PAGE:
Our vision is a community where individuals cannot just survive,
but truly thrive in the pursuit of
We know that good primary care cannot be successful in isolation, in a resource poor environment like rural Haiti. When our patients leave the clinic many have limited access to a nutritious diet or educational and economic opportunities to support their families,which limits their ability to thrive. As we strive to treat the whole patient, acknowledging the complex web of biological, social, and environmental factors that impact human health, we have developed a number of community development programs that integrate our clinical services to maximize impact.
Education opens doors. SRHF believes that every child has the right to an education, and because primary and secondary school is not free or guaranteed in Haiti, we have established an educational sponsorship program. Through this program we cover tuition costs and and provide a stipend to families to ensure that they are able to provide food to nourish their children and families and provide the materials necessary for students to be successful.
In addition last year we established a University Scholarship Program through a generous grant from the Flatley Foundation. We were able to send 17 students, many graduates of our educational sponsorship program, with full financial support. This is a dream previously unreachable for the children of the Saint Rock community and we are thrilled to be able to continue to provide this opportunity into the future.
Many women aspire to have their own business yet lack the necessary funds. Microloan programs have been shown to be an affective way of providing financial support and literacy in developing communities around the world. In May 2008, the first Saint Rock Haiti Foundation microloans were awarded. Many women throughout the community applied for $60 loans to start retail businesses, of which 20 were selected. With a 97% re-payment rate, the program teaches accounting skills to loan recipients as they begin building their small businesses. The program now has 110 women and 3 men enrolled. These small businesses provide the income which allows parents to send their children to school and support their families.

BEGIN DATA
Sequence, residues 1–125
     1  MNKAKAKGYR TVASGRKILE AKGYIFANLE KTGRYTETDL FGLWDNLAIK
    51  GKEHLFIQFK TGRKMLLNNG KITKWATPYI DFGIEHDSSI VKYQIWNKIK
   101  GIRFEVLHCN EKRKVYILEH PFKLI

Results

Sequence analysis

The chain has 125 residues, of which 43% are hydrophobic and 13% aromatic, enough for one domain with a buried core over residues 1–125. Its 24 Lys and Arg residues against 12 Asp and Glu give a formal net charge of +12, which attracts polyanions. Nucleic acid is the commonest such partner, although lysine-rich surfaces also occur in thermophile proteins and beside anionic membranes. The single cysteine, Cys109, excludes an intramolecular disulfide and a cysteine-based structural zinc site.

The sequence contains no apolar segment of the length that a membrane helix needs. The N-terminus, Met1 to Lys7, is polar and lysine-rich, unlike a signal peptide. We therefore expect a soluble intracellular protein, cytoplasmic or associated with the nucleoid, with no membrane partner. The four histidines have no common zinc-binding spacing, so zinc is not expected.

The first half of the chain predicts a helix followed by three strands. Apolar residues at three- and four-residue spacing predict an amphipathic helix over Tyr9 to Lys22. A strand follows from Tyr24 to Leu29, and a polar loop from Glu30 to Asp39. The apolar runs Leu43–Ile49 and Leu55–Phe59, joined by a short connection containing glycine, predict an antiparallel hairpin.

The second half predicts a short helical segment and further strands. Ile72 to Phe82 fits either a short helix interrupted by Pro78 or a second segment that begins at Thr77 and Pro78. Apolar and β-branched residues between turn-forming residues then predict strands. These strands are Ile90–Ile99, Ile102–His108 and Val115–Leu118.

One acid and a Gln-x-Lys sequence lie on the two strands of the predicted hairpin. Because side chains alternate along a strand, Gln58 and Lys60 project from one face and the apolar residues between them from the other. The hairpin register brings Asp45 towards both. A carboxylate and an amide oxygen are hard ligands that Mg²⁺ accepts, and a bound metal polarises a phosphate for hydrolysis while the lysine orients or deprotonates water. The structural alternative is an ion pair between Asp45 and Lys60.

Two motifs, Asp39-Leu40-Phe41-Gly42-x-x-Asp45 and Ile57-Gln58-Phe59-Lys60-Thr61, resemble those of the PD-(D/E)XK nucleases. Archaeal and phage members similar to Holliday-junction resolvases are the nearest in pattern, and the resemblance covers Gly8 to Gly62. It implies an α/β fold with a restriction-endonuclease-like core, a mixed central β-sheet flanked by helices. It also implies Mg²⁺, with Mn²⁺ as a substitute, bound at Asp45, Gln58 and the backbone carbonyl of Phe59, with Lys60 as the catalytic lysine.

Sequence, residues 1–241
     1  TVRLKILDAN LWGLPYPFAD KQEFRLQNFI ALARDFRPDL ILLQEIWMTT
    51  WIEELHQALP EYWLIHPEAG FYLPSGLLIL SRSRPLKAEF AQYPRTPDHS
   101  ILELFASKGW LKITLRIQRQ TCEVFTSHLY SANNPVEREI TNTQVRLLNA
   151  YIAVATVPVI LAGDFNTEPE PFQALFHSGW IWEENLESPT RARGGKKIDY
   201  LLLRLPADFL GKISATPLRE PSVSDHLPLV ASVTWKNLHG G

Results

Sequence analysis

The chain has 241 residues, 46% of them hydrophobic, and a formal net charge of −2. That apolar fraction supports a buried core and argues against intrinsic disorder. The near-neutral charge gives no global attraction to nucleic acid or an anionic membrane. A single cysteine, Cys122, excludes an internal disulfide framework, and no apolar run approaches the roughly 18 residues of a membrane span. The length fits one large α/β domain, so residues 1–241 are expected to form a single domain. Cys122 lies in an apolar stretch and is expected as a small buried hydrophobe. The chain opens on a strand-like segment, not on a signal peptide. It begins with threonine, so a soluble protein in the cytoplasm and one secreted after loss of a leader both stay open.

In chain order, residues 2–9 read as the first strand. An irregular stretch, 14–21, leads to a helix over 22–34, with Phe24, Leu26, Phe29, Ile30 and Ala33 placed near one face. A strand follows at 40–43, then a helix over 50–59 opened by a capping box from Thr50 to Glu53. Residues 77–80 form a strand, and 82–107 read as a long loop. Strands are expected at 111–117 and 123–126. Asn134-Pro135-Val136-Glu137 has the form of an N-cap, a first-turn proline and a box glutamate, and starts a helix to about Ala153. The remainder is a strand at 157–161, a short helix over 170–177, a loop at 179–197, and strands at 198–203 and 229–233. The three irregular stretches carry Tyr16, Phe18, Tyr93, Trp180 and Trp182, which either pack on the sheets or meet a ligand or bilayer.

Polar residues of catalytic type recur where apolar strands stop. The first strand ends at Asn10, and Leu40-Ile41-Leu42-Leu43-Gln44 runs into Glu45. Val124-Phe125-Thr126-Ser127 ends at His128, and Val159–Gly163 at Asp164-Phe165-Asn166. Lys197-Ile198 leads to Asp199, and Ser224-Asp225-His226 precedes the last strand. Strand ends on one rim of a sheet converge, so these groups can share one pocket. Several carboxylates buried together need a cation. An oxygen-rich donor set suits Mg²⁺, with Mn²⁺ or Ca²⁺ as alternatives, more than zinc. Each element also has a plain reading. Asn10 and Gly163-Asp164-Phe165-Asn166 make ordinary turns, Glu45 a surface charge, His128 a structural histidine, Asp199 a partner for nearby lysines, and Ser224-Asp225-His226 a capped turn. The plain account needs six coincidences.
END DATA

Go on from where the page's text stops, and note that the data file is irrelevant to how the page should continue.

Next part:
Throughout Haiti unsafe water and poor sanitation exacerbate an already high maternal and infant mortality rate. After several years of research and testing, construction on the clean water initiative began in 2009. The project is now pumping water from a clean mountain spring to several cisterns spread throughout the community. The local cisterns free up women and children from the days hike up the mountain to retrieve water for their family and have helped to greatly reduce the risk of water-borne illness for our patients. We regularly test the water in the cisterns to ensure it is safe to consume.
To maintain their livelihood, inhabitants of Saint Rock primarily rely on subsistence agriculture. To support the community in a challenging landscape that is very steep with loose topsoil prone to landslides, SRHF has slowly expanded our community agriculture initiatives.
We began with a goat husbandry program in 2006 with an initial investment of 25 goats and the cultivation of grass for their feed. Families who receive a goat are asked to give the first baby goat to another family in the community, through this model the program has become self sustaining. There are now over 140 goats roaming the mountainside providing milk, meat, fertilizer and income to 75 families and these numbers continue to grow.
We also support six community gardens throughout the region we serve which provide nutritious vegetables to families with children enrolled in the clinic's malnutrition prevention program.
The latest agricultural initiative being developed is an egg-laying chicken program, which will introduce more protein in to the local diet and will also fold into the clinic's malnutrition prevention program. To date several individuals have enrolled in a veterinary seminar to learn how to raise and provide basic veterinary care. These individuals received the first chicks in 2016 and they have begun to lay eggs! The goal for this program is to grow into a community cooperative coop that will also provide economic opportunity for the community.